domingo, 14 de julho de 2013

Hegelianism For Dummies

No doubt we are intelligent. But far from changing the face of the world, on stage we keep producing rabbits from our brains and snow-white pigeons, swarms of pigeons who invariably shit on the books.
You don’t have to be Hegel to catch on to the fact that Reason is both reasonable and against Reason.
All it takes is a look into your pocket mirror.
You will see yourself wearing a blue gown, spangled with silver stars, and a pointed hood.
For the Hegel Congress we meet in the cellar where our card-file colleagues are buried, unpack our crystal balls and our horoscopes, and go to work, waving our expertise, our pendulum and our research reports.
We make the tables turn, we ask reality How real is it? Hegel is smiling, filled with schadenfreude. We daub his face with an inky mustache. He now looks like Stalin.
The congress is having a ball, but there is
no volcano in sight to dance on. The guards
outside are on their guard. Our psyche
calmly produces pertinent statements,
and we agree that deep down in any given brutal pig
a well-meaning public servant is to be found,
and the other way round. Abracadabra!
Like an enormous handkerchief we unfold our theories. The plainclothes men in their trench coats are modestly waiting in front of the riot-proof seminar shelter.
They smoke, they hardly ever make use of their guns, they keep guard on our faculty roster, our paper flowers and the snow-white pigeon droppings all over the place.


Hans Maguns Enzensberger, The Sinking of the Titanic.


The main tenets of Hegel's philosophy are that ideas underlie all forms of reality, that all events must be perceived in terms of steadily evolving principles, and that the entire histor­ical process is a rational and necessary development leading to the emergence of a self-knowing, divine spirit, hence the labels ‘idealist’ and 'metaphysical' usually applied to the theory. Hegel called the spirit the inner nature and fate of the world, the inner architect of history and the eternal and absolute Idea. It expresses itself as the spirit of the nation (the Volksgeist) and of the age or ‘period (the Zeitgeist), which two together constitute the pageant of history unfolding and moving forward in continuous development.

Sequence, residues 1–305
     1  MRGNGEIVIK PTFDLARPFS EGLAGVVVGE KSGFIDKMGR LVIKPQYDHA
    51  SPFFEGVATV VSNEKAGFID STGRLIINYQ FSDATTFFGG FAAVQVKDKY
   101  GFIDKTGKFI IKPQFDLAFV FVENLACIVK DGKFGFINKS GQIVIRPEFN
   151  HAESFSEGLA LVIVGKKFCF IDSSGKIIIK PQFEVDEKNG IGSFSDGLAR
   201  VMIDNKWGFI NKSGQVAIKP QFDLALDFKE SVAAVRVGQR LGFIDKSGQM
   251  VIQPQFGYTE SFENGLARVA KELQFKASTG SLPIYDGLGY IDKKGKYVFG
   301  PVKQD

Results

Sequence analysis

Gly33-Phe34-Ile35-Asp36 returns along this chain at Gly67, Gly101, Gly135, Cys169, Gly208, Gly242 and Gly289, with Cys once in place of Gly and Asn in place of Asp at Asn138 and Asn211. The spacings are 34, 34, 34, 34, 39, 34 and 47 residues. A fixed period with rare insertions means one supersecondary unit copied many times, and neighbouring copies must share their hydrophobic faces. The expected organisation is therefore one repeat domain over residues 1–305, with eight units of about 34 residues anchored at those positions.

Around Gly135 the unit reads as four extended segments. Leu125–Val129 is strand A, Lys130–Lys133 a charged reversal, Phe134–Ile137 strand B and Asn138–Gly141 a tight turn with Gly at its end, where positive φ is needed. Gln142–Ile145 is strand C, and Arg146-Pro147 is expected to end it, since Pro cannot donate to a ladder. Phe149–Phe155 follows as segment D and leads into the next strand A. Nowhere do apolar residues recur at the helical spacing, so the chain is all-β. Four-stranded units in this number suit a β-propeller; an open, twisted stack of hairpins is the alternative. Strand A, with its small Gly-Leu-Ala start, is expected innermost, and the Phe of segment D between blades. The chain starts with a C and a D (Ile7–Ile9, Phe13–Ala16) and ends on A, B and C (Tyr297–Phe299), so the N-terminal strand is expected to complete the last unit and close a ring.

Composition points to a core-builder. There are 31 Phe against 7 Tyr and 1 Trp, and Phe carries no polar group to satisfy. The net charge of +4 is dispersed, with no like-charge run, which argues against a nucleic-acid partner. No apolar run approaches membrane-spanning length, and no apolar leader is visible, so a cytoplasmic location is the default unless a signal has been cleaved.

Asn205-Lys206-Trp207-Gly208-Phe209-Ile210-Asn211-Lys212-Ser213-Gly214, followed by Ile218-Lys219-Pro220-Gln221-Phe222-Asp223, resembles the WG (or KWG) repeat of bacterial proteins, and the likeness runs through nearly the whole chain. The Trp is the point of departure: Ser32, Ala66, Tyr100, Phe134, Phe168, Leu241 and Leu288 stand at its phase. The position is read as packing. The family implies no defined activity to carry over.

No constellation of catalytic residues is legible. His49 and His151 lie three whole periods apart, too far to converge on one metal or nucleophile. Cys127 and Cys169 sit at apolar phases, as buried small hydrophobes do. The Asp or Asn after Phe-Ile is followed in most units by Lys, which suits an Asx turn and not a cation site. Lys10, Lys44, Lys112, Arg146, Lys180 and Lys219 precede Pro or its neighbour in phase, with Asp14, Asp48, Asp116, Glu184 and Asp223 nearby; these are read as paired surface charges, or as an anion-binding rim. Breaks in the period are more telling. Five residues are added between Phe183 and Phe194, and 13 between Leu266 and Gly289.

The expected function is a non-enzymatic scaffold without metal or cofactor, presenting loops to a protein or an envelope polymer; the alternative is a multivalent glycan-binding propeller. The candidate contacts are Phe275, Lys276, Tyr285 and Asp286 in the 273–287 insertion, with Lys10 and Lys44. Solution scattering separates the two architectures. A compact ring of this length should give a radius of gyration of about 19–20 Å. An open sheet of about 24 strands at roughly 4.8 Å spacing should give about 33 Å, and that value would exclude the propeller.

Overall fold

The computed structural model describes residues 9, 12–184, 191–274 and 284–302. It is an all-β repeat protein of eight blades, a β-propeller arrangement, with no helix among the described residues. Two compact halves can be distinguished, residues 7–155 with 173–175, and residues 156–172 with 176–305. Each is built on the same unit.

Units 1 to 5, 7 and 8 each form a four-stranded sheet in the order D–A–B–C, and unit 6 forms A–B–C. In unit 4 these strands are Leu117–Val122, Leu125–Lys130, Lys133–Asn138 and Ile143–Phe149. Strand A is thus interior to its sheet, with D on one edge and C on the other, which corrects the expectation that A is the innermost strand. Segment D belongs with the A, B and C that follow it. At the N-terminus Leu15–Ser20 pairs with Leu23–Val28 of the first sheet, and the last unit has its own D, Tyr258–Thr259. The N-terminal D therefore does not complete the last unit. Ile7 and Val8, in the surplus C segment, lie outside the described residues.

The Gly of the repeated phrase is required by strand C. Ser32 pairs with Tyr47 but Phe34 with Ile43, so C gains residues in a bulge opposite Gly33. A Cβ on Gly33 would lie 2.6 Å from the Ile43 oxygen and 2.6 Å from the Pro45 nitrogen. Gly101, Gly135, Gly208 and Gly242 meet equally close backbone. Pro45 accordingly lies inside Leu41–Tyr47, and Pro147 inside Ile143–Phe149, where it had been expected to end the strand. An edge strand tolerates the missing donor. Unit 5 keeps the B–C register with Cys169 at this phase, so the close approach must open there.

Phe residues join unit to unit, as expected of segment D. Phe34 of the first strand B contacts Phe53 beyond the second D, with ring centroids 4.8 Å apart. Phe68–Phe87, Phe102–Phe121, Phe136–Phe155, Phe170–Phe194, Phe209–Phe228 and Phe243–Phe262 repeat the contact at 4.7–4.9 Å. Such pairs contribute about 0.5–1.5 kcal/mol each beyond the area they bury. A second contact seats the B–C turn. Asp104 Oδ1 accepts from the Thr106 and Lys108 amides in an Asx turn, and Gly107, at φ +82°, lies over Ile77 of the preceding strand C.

Since, from this viewpoint, art develops according to an intrinsic logic which is intelligible to the historian, the history of art can be seen as one of the most important ways of understanding the processes of world history. The development of the spirit takes place in three identifiable periods, the symbolic, the classical and the romantic, that is Oriental or Early art, the art of Graeco-Roman antiquity and finally the period of Christian and Germanic romanticism, which is Hegel's own age. While the Graeco-Roman period is the centrepiece and while Hegel uses Greek art to demon­strate what he means by beauty, this sequence of periods does not follow the rise and fall of the biological ‘cycle.


On the contrary, the phase of romanticism transcends the classical period, main­taining the sense of optimism and universal 'progress inherent in the notion of the emergence of the world spirit. Within this framework, however, each art has a beginning, a perfection, and an end, a growth, blossoming and decay. It is as if the cycle employed by Vasari and Winckelmann has become a spiral, or rather a helix, rising in a curve through space.

Along with this highly theoretical base, Hegel also considered a detailed knowledge of individual works of art essential to the study of the subject. He treated the analysis of formal values as indis­pensable, discussing paintings in terms, for example, of the fact that the architectural juxtaposition of figures can produce a sense of unity through the forming of a pyramidal shape. He consequently acknowledged the value of the work of connoisseurs, while criticizing them for limiting themselves to the external aspects of things. (1)

Hegel’s ideas have been immensely influential, with Marx, for instance, transforming the defining spirit into the conditions of production. The main change which Hegelianism undergoes in the work of art historians such as Riegl, Wolfflin and Frankl, is one of secularization, the reduction in importance of the divine aspects of the world spirit and of the idea of'progress, combined with a stress on the belief that social forms are all manifestations of a single essence. Panofsky was both fascinated by the ideas behind Hegel’s scheme and increasingly sceptical about the value of many of their applications. His attitude of qualified admiration is perhaps best summed up in the telling pun in which he described the master as a 'boa constructor'. Hegel’s influence was also acknowledged by Foucault (see 'discourse analysis), while T.J. Clark has considered his approach a fundamental basis for reform (text 21,1974), (2)

1. G.W.F, Hegel, Aesthetics, Lectures on Fine Art, (from the posthumous publication of 1835 ofthe lectures delivered between 1823 and 1829), vol. 2, translated by T.M. Knox, Oxford, 1975, pp. 614 and 1064-5.

2. See E.H. Gombrich, "The Father of Art History": a Reading of the Lectures on Aesthetics of G.W.F. Hegel (1770-1831)’ (1977), in Tributes: Interpreters of our Cultural Tradition, Oxford, 1984, pp. 51 -69; and Michael Podro, The Critical Historians of Art, New Haven and London, 1982, pp. 17-30; see also Riegl, text 9, 1901; Wolfflin, text 10, 1915; and Frankl, text I 1, 1914.

In: Eric Fernie. Art History and Its Methods: a Critical Anthology. London, 1995. pp. 342-3.


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